Building a Slack command with Claudia bot builder

· June 4, 2016

I’ve written a few posts on Claudia now and as often I jumped almost too early on the boat - it turns out that there’s significant improvements to both Claudia herself and the entire ecosystem around the main tool.

The main tool Claudia:

automates and simplifies deployment workflows and error prone tasks, so you can focus on important problems and not have to worry about AWS service workflows

In this post I wanted to check out a new tool around Claudia that helps you to build bots for use in chats - specifically for this post in Slack.

AWS Lambda is really cool but it leaves one of those: Oh wow… now what am I going to use this for? feeling. It’s just code that scale infinity without you having to worry about it. It’s a very open playing field.

What we’re going to build

To build something a little more useful than a HelloWorld (although they can be fun too) In this post we are going to build a little Slack Slash Command called pingu. The need came from my current team at work where we sometimes need a quick way of checking response-times for our sites. With pingu you can, in Slack, just go /pingu and it will return you a message about how long it took to request that url.

Let’s rebuild that now. Step by step.

Up and run

We’re going to follow the instructions from the Getting Started guide of the Claudia-bot-builder repository. There’s some short administration first;

  • Install nvm or something similar so that you can nvm install v4.3.2 that Claudia-bot-builder requires (and AWS now supports)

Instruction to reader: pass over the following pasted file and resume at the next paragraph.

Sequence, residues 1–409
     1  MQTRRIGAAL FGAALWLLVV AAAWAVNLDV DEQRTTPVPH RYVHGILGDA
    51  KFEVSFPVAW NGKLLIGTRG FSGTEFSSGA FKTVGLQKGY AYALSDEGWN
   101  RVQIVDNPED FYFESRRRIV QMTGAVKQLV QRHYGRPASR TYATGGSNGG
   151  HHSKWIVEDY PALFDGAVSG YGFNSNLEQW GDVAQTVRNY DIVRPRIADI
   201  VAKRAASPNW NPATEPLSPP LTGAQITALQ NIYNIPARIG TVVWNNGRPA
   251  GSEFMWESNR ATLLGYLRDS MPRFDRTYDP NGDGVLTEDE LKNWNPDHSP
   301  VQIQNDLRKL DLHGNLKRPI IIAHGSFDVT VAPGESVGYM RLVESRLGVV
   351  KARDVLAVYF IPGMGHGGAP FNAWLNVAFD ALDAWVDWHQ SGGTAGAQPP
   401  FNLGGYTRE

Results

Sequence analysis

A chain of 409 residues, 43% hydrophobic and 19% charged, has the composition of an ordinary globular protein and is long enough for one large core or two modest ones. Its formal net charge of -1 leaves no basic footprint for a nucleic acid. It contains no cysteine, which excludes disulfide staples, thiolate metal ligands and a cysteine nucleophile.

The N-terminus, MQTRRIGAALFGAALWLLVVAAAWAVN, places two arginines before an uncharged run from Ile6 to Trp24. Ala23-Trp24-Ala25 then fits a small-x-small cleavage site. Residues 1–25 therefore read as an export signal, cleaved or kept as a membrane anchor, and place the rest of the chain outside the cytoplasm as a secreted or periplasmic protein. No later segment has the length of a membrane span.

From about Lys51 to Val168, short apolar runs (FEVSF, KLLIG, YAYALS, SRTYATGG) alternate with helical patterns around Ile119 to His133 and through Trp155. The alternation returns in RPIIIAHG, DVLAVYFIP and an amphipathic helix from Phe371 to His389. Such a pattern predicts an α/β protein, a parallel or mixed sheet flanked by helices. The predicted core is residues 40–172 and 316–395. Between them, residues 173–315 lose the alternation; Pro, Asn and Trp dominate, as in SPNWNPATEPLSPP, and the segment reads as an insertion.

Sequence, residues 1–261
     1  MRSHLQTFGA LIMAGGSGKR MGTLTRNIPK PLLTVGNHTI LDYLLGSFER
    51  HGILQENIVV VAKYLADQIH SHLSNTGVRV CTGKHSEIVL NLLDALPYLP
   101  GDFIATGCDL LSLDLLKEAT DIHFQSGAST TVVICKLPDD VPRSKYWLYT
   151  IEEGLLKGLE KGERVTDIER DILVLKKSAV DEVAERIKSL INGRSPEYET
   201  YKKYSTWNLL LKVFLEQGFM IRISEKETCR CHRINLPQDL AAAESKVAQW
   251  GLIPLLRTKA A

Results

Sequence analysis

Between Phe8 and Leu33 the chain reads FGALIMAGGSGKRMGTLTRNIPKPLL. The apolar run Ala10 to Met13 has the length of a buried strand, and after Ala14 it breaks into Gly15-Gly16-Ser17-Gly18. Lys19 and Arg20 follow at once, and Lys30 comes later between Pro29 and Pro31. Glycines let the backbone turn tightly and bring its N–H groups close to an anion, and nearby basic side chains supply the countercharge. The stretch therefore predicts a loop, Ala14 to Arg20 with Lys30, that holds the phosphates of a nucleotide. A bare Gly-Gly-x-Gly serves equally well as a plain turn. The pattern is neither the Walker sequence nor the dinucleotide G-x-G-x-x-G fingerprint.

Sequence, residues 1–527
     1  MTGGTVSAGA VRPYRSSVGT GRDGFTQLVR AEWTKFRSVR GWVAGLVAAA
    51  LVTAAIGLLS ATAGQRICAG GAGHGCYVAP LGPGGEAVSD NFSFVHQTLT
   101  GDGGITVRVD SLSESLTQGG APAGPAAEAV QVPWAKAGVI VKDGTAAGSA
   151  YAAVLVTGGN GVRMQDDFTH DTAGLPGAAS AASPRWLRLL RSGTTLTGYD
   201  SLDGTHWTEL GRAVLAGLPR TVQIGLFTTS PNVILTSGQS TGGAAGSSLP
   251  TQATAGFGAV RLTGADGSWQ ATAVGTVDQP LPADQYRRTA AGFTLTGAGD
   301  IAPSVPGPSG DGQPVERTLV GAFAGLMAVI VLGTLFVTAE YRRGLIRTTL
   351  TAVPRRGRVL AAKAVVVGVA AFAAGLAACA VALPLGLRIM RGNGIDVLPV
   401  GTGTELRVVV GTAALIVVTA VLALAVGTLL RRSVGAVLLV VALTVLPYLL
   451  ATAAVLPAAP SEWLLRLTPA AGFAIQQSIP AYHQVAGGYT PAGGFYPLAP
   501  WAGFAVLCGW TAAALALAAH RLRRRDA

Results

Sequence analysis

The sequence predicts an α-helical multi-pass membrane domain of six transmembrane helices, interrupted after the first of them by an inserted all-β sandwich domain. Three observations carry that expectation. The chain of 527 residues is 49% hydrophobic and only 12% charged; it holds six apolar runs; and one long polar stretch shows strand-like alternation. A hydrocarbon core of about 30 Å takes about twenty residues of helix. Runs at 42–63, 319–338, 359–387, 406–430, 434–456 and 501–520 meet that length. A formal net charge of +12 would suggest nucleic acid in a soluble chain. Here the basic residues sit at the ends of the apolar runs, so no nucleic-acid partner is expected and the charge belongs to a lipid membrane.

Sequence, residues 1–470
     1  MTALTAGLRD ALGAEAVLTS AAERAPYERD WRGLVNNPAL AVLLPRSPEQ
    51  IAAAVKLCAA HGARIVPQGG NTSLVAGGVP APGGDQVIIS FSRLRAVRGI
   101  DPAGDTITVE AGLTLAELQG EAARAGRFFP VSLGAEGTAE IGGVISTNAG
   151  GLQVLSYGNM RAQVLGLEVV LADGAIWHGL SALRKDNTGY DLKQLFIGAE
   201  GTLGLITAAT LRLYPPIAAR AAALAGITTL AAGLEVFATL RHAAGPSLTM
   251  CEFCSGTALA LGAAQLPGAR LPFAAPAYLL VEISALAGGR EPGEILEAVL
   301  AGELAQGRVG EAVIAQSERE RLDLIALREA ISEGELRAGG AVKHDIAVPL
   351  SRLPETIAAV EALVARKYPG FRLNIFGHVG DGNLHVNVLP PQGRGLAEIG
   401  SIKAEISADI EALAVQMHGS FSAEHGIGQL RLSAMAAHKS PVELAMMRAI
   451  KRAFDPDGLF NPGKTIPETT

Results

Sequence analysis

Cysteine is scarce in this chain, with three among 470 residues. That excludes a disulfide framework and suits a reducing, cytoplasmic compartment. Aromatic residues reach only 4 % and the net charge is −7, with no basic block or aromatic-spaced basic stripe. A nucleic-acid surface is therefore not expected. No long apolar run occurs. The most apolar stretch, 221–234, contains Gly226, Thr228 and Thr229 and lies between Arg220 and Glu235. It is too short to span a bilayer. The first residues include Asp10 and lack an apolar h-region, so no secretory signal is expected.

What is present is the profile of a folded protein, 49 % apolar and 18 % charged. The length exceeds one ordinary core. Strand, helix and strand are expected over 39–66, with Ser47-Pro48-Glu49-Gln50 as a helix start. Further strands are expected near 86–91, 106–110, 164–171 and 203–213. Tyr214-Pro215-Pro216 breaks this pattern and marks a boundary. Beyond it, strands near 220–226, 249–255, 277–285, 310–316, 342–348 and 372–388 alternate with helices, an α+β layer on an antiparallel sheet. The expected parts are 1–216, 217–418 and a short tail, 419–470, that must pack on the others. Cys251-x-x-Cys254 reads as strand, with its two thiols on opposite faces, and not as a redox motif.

• Intall ClaudiaJs globally (if you want to) for that version of Node npm install claudia -g or update it if it’s already installed npm update claudia -g
  • Set up an AWS Account - yeah that’s troublesome, but a one time thing. Hang in there.
  • And then some coding.

Create a new directory called pingu, cd into it and then init a new git repository and a npm application. Here’s one command to do all of that for you:

mkdir pingu && cd pingu && git init . && npm init

Add a new file bot.js and enter the following code:

const botBuilder = require('claudia-bot-builder');
const co = require('co');
const coreq = require('co-request');

module.exports = botBuilder(request => {
    var url = request.text;

    return co(function*() {
        var start = new Date();
	    var result = yield coreq(url);
    	var end = new Date() - start;

        return `Pinged ${url} successfully - took ${end} ms`;
    }).catch(function(err) {
		return `Could not ping ${url} (${err.message})`;

The claudia-bot-builder gives us a simple construct that receives the request object as single inparameter. From that we can read the request.text property which contains the text that the user sends us. In our case we will use a Slack Slash Command like this: /pingu, and in that case request.text will be